In August 1968, Bonnie moved to Amsterdam, Netherlands to study dance with Pauline de Groot and Jim Tyler, two of Erick Hawkins' principal dancers. There she explored touch and movement with patients at the University of Amsterdam's psychiatric Research Clinic and privately with dancers.

    © Bonnie Bainbridge Cohen

    Bonnie and Len, 1978

    She then spent three months from April to June 1969 studying in London, England with Dr. Karl and Berta Bobath, where she received a certificate in Neurodevelopmental Therapy.

    Upon returning to New York in August, she met Leonard Cohen while studying aikido. They were married on January 24, 1970. Bonnie began offering individual sessions to people with injuries and teaching dance privately and at the Erick Hawkins School of Dance. In addition to studying aikido, she and Len began studying tai chi with Professor Cheng Man-Ching.

    In November 1970, they moved to Tokyo where Len continued his studies in aikido and finished his undergraduate study in Far Eastern Studies at Sophia University. While in Japan, Bonnie helped to establish a school for occupational and physical therapy at Fuchu Rehabilitation Center, under the auspices of the Tokyo government.

    She also taught at the School for Occupational and Physical Therapy, administered by the national government. In Tokyo, Bonnie and Len studied katsugen undo (life force movement) with Haruchika Noguchi, the founder of Seitei. They also studied Aikido at Hombu Dojo in Tokyo and with Michio Hikitsuchi in Shingu. These teachers exerted a strong influence on Bonnie's research in the movement of body and mind. Their first son was born in Japan.

    © Bonnie Bainbridge Cohen

    Bonnie, 1985

    They returned to New York City in the summer of 1973. There Len entered chiropractic school and Bonnie began the first classes in Body-Mind Centering® in their apartment at 200 Waverly Place, taught dance privately at the Kay Wylie studio and at the Erick Hawkins School of Dance when the company was on tour. Their daughter was born in New York.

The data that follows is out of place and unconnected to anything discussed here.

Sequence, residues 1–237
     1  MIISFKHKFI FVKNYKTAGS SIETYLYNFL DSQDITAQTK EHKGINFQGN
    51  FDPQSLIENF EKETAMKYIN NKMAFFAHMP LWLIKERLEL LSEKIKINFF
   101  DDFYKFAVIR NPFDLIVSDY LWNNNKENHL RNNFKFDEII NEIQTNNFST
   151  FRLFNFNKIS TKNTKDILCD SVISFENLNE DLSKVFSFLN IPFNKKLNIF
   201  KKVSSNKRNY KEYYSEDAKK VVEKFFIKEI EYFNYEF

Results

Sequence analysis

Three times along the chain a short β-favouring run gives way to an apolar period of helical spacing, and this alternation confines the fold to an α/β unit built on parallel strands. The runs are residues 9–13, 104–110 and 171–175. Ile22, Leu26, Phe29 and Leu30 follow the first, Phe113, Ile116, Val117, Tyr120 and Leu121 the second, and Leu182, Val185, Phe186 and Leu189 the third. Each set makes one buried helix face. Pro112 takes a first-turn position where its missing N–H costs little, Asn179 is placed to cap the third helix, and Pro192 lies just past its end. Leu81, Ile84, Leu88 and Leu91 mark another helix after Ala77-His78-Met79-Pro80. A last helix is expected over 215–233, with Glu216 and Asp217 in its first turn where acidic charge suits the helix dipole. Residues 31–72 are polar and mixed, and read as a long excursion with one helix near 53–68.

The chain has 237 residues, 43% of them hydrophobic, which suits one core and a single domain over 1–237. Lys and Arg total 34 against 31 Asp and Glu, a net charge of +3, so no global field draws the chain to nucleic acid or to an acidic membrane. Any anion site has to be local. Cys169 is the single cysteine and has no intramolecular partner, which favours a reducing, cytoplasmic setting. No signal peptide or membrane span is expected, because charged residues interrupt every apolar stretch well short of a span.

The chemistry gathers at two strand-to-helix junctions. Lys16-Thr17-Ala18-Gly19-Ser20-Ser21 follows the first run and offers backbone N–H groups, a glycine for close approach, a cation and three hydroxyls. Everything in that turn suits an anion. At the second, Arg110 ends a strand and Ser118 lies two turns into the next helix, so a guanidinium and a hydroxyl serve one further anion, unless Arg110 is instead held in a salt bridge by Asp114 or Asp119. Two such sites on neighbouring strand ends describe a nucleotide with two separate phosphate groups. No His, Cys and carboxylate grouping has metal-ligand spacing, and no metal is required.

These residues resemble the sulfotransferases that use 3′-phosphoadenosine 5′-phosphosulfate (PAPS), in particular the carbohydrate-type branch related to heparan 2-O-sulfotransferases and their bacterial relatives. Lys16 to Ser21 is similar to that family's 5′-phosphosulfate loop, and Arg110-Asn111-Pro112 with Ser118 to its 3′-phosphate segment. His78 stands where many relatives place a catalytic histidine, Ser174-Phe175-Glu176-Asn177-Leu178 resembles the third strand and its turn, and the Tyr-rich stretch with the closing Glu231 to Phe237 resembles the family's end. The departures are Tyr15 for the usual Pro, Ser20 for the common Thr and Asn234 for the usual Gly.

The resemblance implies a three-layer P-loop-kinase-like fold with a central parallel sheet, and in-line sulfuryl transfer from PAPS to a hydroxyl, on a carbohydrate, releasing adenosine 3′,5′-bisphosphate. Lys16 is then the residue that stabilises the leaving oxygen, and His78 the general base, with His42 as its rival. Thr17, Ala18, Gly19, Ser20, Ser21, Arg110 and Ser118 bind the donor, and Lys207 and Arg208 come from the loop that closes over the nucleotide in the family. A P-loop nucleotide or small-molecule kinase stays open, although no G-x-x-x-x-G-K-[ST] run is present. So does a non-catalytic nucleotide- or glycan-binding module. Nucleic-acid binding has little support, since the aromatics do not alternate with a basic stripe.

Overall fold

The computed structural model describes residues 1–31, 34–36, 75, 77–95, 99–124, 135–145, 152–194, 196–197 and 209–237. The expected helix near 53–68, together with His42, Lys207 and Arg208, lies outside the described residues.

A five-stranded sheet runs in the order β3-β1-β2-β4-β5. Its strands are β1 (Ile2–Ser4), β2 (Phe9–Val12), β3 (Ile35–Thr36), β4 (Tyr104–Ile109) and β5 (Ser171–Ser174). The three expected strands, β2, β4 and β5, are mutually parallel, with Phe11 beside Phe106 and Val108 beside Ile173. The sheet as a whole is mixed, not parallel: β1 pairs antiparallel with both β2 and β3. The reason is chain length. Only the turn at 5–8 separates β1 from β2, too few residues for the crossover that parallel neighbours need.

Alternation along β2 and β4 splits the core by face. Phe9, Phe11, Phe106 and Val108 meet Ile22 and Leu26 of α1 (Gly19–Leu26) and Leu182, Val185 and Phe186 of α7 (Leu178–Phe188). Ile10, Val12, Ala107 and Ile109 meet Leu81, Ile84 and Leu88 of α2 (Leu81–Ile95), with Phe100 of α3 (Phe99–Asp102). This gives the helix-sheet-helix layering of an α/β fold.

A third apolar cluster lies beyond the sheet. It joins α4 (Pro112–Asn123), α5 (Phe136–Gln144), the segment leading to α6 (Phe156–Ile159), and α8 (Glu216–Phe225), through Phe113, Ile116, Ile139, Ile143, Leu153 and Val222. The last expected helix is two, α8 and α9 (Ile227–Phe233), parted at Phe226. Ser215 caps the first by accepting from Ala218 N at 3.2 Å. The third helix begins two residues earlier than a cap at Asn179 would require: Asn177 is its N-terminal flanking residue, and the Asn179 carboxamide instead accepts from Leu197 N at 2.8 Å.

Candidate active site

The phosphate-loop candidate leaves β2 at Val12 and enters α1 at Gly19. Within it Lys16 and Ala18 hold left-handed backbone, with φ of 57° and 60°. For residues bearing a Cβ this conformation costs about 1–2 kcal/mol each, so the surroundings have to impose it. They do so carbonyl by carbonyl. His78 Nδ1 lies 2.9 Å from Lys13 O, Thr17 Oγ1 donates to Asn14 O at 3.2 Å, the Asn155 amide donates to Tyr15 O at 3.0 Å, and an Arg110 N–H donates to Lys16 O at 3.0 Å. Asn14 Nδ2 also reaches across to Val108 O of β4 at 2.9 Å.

In August 1976, Len graduated from chiropractic school and they moved to Amherst, Massachusetts, where their second son was born. They spent the next 33 years there. The office for the School for Body-Mind Centering® (SBMC) was originally in the house and Bonnie saw private clients there. SBMC courses took place at various venues in the area: the Amherst Ballet Center, St. Bridget's Church, and Hampshire College in Amherst; East Street Studios in Hadley; Mount Holyoke College in South Hadley; and Thornes Market and Smith College in Northampton. Other teachers she studied with in the late 1970's and 1980's include craniosacral therapy with Drs. John Upledger and Dick McDonald; Zero Balancing with Dr. Fritz Smith, Reflexes with Mary Fiorentino, OTR, and neurophysiology with Josephine Moore, PhD, OTR.

    During their time in Amherst, Bonnie developed the curricula and created the written materials for the programs offered by the School for Body-Mind Centering®. These programs included:

    • Somatic Movement Education Program
    • Practitioner Program
    • Teacher Training
    • Infant Developmental Movement Education
    • Embodied Anatomy and Yoga
    • Embodied Developmental Movement and Yoga

    She also taught dance classes in the Amherst area and Body-Mind Centering® workshops locally, nationally, and internationally.

    Bonnie has been awarded a Lifetime Achievement Award through the Laban/Bartenieff Institute of Movement Studies (2018) and the Pioneer Award through the United States Association for Body Psychotherapy (2023).

      In June 2009, Len and Bonnie moved to California. Bonnie continues to teach workshops in the US and internationally, research embodiment, write, and create videos. She also studies drawing, watercolor, western calligraphy, Chinese brush painting, and Mandarin Chinese.

      You can find Bonnie's Cirriculum Vitae here.

      Bonnie, 2014